Hate Doesn’t Need Be

Hate is a funny word. It’s often used out of context. Regardless of definition, hate is a deep seeded, emotional state. Hate usually is based on an inability to cope and strive for better; it’s an easy way out. Hate in it’s pure and true form is atune to a mental disability. It’s negative affect gone haywire. It’s an emotional affect breaching into cognitive reality. Thus, hate should be reserved for these intense and overwhelming mental states.

When hate is applied to dislike or misunderstanding it’s showing a mental laziness. To use any extreme adjective to describe your feelings is to be lazy with your expression. I cannot judge the use of this “hate” usage, but I can use it as a psychological lesson. Next time you choose “hate” to describe something there are two things to think of first:

1. Is this appropriate in accuracy to my true feelings?

2. Can I find a way to not feel this way? Can I not be a slave to my negative affect? Can I love what I hate? If you can love what you hate, then you are enlightened and will feel negative affect never again.

These ideas can be employed with rational thinking. If you drop your ego, address context, and think of your feelings as part of your goodness in humanity, then you can see where your “hate” lies. Whether you’re turmoiled or content, hate is a burden in your way to glorious positive thinking. Logically, there is no reason to hate anything; let alone feel anything is negative. Life is beautiful and it deserves your loving and kind observance. Likewise, it deserves yours. If you look, then you’ll see it deserves you too.

25 Comments

  1. I like this post, it’s positive lol.
    But I know people who believe in the negativity and that positive thinking is simply one of socoieties ploys to distract us from the demise of humanity, at human beings own hands. It’s interesting to me that this misanthropic thinking doesn’t click that they’re spreading that negativity and rather than helping make changes they’re doing an opposite thing, spreading hopelessness

    Liked by 1 person

    1. A vicious cycle does apply. I will say I’m a raise and admit the poor conditions of humanity at present. However, I’m in denial and will find ways of finding positive in the swarm of otherwise.

      Liked by 1 person

    2. That is quite a pessimistic and hopeless way to live. Why would positive thinking harm anybody? If anything, positive thinking allows for hope that humanity can improve. Ah, some people…

      Liked by 2 people

      1. I love God and believe He is the Creator of everyone. He loves everyone and tells us to, as well. However, because God is holy and perfect, He cannot tolerate sin- such as murder, lying, fornication, jealousy, etc.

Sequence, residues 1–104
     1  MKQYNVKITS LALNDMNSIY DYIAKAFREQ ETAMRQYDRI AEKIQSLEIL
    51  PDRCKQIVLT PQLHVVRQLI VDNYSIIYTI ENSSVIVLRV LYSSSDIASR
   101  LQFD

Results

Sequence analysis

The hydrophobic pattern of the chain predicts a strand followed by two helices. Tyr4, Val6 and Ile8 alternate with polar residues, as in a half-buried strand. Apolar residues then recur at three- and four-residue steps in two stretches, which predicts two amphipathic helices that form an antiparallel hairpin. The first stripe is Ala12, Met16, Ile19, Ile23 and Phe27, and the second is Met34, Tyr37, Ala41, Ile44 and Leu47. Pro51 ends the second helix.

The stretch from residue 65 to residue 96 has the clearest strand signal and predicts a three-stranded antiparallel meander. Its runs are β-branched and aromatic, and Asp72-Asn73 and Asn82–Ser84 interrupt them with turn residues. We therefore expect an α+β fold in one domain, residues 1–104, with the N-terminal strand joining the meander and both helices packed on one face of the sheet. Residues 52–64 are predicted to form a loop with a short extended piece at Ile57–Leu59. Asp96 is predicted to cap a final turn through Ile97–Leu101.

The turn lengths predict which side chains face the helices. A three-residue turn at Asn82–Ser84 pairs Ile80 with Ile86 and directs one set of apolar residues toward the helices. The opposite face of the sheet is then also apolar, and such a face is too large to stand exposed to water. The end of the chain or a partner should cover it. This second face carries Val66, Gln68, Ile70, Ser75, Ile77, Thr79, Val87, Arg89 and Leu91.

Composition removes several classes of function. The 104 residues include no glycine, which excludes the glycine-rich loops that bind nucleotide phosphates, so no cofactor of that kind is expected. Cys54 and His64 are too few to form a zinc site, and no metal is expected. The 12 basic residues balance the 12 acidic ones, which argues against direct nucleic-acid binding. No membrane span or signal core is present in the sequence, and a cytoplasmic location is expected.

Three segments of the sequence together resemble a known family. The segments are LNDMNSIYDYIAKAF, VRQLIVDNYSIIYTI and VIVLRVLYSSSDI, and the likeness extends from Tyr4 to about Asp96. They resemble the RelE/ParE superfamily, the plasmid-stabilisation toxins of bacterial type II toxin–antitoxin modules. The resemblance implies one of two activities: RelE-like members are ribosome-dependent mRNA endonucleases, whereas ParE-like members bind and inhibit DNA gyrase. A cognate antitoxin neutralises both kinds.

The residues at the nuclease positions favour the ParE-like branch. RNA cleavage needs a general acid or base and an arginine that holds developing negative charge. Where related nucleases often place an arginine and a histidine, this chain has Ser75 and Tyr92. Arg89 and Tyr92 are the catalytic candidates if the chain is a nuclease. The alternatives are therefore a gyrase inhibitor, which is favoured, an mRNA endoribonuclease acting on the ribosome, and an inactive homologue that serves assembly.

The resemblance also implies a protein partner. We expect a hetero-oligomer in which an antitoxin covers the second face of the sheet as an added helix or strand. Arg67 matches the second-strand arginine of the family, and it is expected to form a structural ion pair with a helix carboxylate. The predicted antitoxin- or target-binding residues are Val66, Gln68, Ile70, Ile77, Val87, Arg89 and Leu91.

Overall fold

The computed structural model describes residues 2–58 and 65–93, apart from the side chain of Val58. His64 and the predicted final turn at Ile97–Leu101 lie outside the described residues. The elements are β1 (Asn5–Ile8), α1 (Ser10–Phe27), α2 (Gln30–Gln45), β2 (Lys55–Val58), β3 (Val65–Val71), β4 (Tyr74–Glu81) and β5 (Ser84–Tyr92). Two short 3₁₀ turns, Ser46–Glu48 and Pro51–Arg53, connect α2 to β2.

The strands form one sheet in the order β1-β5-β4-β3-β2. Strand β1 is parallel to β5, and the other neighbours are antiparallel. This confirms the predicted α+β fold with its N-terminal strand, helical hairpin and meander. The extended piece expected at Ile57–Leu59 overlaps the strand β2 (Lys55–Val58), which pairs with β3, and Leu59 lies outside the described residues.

Liked by 1 person

  2. I feel that people use the word “hate” far too frequently. It’s like people who are hungry and they say “I’m starving!”. I feel that people don’t understand the difference between disliking something, and HATING something. People use the word so frequently that it’s like a reviewer who just gives 5 stars to everything, it loses all meaning.

    Liked by 1 person

  3. We’ve had a lot of shootings and violent crime recently in the city. Often we hear in the news that it was “hate” motivated. Somehow when I hear this I get the feeling that everyone is latching on to this word as if it explains everything. Yes, hate could be involved. Probably is. But I think there’s more.
    In the Jesus story Jesus got angry at the moneychangers.
    https://en.wikipedia.org/wiki/Cleansing_of_the_Temple
    What he did in “turning the tables” would probably bring a criminal charge if he were just a guy doing that in today’s world—i..e disrupting a public event, throwing stuff around. Jesus hated that hypocrisy and, yes, to use the traditional word, sin.
    One of the reasons I like Christianity and the Bible is that it doesn’t offer us a sugar-coated New Agey view of the world. It depicts things as they were. And when you think about, as they still are.

    Liked by 2 people

    1. Good point. Frustrated misunderstanding is the root of many behavioral disorders and cognitive burdens. But in Jesus’ case at the temple, he was giving a physical lesson rather than his usual verbal ones. I applaud his lesson at the temple (as you note) because it was relevant then as it is now.

      Liked by 1 person

  4. I agree that an expression of hate is oftentimes lazy and irrational. Unfortunately, others may interpret an expression of misunderstanding and/or disagreement as one of hate. Me disagreeing with, say, the veracity of Hinduism does not mean that I hate Hindus. Me not understanding your position doesn’t mean that I hate what you think. Accusations of hate speech, crime, etc. are easy ways to shut down a conversation.

    I hadn’t heard of your definition of sin before – “failing to love all things.” Would you explain this further?

    Liked by 1 person

  5. I would say that love is the opposite of hate.
    There are many forms of love including fondness, strong liking, charity, kindness etc.
    The same can be said for the word hate used in dialogue.
    I’m not frightened, threatened or irritated by their flippant use. It’s not a sin to cuss.
    I am frightened by the actions of those who only feel & promote Hate, Abomination’s SINS.
    I would say that loathing is the opposite of euphoria.
    Loathing is insidious and treacherous.
    Sibyl X

    Like

  6. Maybe I should have added, I agree with you.
    The energy & feelings we put into the atmosphere lingers in the atmosphere, and, with mutating germs, gets breathed in and can affect Egos & mental health.
    Hate can fester and love can blossom, and both affect our actions.
    Sibyl X

    Liked by 1 person

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